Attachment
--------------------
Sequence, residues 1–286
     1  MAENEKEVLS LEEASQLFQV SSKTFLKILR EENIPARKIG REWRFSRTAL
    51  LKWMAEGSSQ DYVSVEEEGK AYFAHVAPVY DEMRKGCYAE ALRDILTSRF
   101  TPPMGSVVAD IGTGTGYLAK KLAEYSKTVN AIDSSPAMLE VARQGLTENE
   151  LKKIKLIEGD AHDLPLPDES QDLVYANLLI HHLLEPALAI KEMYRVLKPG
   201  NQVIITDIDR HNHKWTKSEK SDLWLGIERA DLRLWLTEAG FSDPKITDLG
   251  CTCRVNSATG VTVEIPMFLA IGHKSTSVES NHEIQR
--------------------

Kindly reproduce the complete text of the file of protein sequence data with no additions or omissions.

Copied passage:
Sequence, residues 1–286
     1  MAENEKEVLS LEEASQLFQV SSKTFLKILR EENIPARKIG REWRFSRTAL
    51  LKWMAEGSSQ DYVSVEEEGK AYFAHVAPVY DEMRKGCYAE ALRDILTSRF
   101  TPPMGSVVAD IGTGTGYLAK KLAEYSKTVN AIDSSPAMLE VARQGLTENE
   151  LKKIKLIEGD AHDLPLPDES QDLVYANLLI HHLLEPALAI KEMYRVLKPG
   201  NQVIITDIDR HNHKWTKSEK SDLWLGIERA DLRLWLTEAG FSDPKITDLG
   251  CTCRVNSATG VTVEIPMFLA IGHKSTSVES NHEIQR